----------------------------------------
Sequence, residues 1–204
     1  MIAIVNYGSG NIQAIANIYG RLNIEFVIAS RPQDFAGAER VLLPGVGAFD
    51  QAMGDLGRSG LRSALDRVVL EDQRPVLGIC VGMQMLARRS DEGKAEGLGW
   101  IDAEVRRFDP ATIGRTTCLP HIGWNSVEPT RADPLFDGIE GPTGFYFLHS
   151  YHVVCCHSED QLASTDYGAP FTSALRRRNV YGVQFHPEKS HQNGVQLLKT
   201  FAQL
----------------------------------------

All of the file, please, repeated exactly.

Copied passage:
Sequence, residues 1–204
     1  MIAIVNYGSG NIQAIANIYG RLNIEFVIAS RPQDFAGAER VLLPGVGAFD
    51  QAMGDLGRSG LRSALDRVVL EDQRPVLGIC VGMQMLARRS DEGKAEGLGW
   101  IDAEVRRFDP ATIGRTTCLP HIGWNSVEPT RADPLFDGIE GPTGFYFLHS
   151  YHVVCCHSED QLASTDYGAP FTSALRRRNV YGVQFHPEKS HQNGVQLLKT
   201  FAQL